I interviewed Tiffany and Aq for this article. I think you will likely learn some important stuff if you take the time to read their responses below.
Could you explain a little bit about your background and what trainers have had the most influence on your teaching?
Aq – My background is atypical in that where I grew up, gun culture was a counterculture of sorts. My father was a black NRA-Certified Instructor in Buffalo, NY. After a serial killer scare, he started an urban gun club trying to get urbanites to arm themselves in a city, county, and state that deliberately set barriers to gun ownership – especially handguns. He also taught permit classes, often attracting people who had no prior exposure to firearms and were frankly terrified of them. I was his apprentice, so I learned early how to teach people who had a cultural aversion to guns. My father was also a law enforcement firearms trainer of sorts and I became similar, so in many ways I’m just carrying on his legacy, which is not so common amongst African Americans. Besides my father, the trainers that have had the most influence on me are John Benner and Tom Givens.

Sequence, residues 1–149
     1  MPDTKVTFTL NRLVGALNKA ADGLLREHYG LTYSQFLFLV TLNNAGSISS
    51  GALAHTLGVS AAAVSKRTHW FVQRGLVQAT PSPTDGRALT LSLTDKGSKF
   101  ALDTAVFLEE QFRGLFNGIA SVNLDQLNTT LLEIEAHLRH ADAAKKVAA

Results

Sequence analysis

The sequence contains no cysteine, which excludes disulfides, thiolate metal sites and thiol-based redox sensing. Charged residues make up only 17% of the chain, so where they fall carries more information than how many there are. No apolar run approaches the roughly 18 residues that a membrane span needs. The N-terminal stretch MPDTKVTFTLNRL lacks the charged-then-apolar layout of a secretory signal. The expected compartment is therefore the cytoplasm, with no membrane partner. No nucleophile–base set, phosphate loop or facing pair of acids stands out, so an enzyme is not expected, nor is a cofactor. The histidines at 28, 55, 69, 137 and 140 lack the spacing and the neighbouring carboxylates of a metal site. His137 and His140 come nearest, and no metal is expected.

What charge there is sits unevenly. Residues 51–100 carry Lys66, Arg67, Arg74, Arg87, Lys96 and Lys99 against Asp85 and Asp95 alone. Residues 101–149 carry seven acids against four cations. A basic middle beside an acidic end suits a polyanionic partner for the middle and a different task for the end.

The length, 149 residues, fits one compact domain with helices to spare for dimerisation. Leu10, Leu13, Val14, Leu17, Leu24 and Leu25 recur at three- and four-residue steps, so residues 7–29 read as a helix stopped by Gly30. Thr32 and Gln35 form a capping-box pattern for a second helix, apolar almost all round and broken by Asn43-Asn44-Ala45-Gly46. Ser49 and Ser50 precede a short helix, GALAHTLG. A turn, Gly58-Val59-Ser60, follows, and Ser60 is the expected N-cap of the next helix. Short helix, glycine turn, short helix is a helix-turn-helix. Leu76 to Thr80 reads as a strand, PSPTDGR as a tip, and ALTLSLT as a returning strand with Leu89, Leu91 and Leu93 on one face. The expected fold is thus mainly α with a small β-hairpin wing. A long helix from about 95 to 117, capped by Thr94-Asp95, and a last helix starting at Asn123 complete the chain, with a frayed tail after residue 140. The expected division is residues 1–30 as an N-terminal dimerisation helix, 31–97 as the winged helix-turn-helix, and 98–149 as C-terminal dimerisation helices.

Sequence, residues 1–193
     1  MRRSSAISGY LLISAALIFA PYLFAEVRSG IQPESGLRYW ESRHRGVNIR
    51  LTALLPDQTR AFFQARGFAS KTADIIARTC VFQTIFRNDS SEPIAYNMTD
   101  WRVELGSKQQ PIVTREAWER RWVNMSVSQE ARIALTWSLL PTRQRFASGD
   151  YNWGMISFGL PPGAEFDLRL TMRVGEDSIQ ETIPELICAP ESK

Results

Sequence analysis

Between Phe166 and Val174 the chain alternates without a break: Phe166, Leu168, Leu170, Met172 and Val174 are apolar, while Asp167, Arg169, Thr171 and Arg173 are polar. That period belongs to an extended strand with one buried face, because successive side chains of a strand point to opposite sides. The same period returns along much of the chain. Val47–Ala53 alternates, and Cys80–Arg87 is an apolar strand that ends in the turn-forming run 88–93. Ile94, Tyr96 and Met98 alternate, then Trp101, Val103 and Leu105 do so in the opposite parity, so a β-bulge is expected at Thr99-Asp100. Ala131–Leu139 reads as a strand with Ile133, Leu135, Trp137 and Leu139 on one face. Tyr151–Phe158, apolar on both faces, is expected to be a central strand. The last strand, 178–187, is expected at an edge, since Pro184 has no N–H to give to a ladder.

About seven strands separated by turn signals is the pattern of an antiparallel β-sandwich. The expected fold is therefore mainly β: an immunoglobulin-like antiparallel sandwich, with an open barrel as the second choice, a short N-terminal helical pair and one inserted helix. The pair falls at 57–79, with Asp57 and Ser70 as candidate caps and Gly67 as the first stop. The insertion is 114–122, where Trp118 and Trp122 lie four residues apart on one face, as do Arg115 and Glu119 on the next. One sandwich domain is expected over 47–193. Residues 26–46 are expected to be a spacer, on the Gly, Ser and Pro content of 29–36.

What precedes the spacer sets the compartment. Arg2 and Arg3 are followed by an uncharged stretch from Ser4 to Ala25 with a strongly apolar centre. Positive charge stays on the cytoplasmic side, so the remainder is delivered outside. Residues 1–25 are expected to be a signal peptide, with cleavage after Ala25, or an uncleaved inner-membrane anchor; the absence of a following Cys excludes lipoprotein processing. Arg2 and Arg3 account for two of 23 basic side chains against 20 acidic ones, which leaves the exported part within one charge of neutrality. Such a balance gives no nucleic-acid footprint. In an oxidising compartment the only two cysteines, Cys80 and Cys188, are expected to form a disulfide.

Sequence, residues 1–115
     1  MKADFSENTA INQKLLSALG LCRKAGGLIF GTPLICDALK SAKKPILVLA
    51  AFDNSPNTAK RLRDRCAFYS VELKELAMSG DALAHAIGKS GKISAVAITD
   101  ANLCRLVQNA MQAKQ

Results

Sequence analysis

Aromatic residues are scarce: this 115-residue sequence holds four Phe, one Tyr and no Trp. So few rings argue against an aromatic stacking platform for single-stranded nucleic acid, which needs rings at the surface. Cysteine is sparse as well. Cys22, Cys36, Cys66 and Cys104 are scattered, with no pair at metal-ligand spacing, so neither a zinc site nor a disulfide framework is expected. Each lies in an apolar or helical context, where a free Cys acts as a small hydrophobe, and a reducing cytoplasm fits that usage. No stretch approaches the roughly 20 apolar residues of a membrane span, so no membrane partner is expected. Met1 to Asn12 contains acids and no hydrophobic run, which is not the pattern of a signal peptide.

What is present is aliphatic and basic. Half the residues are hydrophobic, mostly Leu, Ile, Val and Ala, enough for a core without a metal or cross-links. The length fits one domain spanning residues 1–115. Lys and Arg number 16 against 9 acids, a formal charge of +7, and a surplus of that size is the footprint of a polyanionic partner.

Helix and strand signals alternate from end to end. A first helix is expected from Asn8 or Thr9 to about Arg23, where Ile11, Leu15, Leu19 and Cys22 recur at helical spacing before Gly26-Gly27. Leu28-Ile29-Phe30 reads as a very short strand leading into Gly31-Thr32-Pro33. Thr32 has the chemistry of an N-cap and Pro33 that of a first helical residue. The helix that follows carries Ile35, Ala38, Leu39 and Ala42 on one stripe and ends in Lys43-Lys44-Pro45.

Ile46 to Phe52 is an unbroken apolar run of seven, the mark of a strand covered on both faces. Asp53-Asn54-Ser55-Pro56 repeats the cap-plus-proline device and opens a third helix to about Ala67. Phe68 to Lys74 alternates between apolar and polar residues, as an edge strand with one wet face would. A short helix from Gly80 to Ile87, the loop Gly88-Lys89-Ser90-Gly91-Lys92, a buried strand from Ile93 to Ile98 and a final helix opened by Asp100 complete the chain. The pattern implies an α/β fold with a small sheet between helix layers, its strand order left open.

Tiff – My background is also atypical, but for totally different reasons than Aq. I did not grow up around guns, I don’t come from an armed profession, and I spent the first half of my life fearful of guns and subscribing to many of the stereotypes that continue to mar the training community today. Then one day I got frustrated with my lack of control over those fears and decided to take a class. I also wanted to be able to speak more intelligently about guns as I explained to people why guns were destroying local neighborhoods. It was just by sheer dumb luck that the class I signed up for happened to be at Rangemaster with Tom Givens. I had no idea who Tom was at the time. But the class totally opened my eyes and made me rethink my prior opinions. I took more and more classes, Tom took me under his wing, a year later I got my first instructor certification, and the rest is history. But this is why I think top quality gateway instruction is so important. If I had walked into a different range and taken a class from a lesser instructor, my entire life trajectory would have been very different. I wouldn’t be getting interviewed by Greg Ellifritz, I wouldn’t be helping others overcome their fears like I did, and I wouldn’t be a friend to the Second Amendment community.